The Asian carp issue is one that begs for leadership. Snyder could be that guy but he has to step out of his let’s try to make sure everyone’s happy mindset and understand that not everyone will be pleased with an action that keeps carp out of the Great lakes.

His deference to the federal government on the Enbridge pipeline that runs through the Straits of Mackinac though is of concern. He’s right. Pipeline safety is the responsibility of the feds. That’s the bureaucratic path.

But Enbridge has had a major accident in Michigan — the Kalamazoo River. The 60-year-old Mackinac pipeline is within a few miles of arguably Michigan’s greatest tourism attraction — iconic Mackinac Island. Were I Snyder, I’d use all the gravitas that his office could bring to make sure that pipeline is safe.

Snyder didn’t seem terribly close to the pet coke storage issue and maybe that’s too much to ask. The guy after all is trying save Detroit from collapse while continuing to revive the economy and fund much needed road improvements that his Legislature doesn’t want to pay for.

That said, a public statement that pet coke shouldn’t be in southwest Detroit or River Rouge could set the expectation that Marathon Oil and its storage companies need to do better.

I’ve always said that Snyder is an environmental enigma and I continue to believe that.

He grabs the reins and tries to wake up a class of governors who don’t seem to hold the Great Lakes in the esteem they deserve.

That’s leadership.

But he’s not quite ready to take the next step on a big issue like Asian carp, preferring to play at the fringes, funding $14 million of invasive species work in Michigan.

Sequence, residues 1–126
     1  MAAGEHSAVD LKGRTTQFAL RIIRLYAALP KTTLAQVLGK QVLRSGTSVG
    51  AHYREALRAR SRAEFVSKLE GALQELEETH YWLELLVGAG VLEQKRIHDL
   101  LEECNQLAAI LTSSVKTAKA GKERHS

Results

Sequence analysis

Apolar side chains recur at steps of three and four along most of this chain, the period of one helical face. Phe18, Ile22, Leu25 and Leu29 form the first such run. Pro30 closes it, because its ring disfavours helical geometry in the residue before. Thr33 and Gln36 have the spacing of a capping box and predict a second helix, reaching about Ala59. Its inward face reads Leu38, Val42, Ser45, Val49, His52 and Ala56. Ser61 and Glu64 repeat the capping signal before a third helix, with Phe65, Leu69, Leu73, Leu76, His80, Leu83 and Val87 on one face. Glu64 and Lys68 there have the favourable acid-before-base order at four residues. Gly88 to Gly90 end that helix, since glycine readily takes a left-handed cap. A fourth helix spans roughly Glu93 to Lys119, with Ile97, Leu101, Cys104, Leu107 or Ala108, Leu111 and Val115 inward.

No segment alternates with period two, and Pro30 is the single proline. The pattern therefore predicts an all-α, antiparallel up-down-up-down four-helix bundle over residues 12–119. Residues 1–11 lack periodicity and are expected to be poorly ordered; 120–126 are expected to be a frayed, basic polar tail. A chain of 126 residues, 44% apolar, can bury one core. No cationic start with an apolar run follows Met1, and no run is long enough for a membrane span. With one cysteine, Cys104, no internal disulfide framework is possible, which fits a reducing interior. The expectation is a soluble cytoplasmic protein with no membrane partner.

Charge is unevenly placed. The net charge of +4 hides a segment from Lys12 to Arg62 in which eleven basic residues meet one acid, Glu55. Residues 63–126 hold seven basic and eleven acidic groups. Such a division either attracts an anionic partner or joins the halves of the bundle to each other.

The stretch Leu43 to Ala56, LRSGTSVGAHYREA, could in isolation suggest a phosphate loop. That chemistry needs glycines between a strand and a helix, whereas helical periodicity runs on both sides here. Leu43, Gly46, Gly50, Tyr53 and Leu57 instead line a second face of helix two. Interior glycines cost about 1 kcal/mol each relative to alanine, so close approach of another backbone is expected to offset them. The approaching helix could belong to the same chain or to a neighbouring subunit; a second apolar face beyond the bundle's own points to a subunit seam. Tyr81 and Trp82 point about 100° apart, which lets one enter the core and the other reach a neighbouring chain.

Snyder is up for re-election this year and if Michigan’s recovery continues I suspect he’ll win.

That provides an opportunity to impact Michigan’s waters for years if not a decade to come and that’s an opportunity Snyder says he wants.

Snyder’s mantra is “relentless positive action.”

Now he needs to get out of safe mode and add bold to that mantra.


4 thoughts on “Michigan Gov. Rick Snyder: ‘atmosphere of crisis’ needed for faster action on Asian carp

  1. Pingback: Earth Month, Day 9: Great Lakes Duo | The Nooze

  2. Governor Rick Snyder talks to Michigan
    colleges that their graduates are not STEM qualified at FORBES “REINVENTING AMERICA SUMMENT.
    How can we bring
    people to our state? Don’t give Detroit a bailout. Give us 50,000 green cards
    for people with STEM degrees. Let them
    come here and work.
    What is wrong with our STEM graduates???

  3. 10 years from now when the carp have taken over the great lakes like they do where ever they invade we will say we should have done something about them. With humans its always about money where its needed the least wars on each other on the same planet. Wake up people before its to late. We must apply all forces at this problem with the invasive species.Why do we just sit back and let thinks happen today we must be pro-active and stop thinking about ourselves only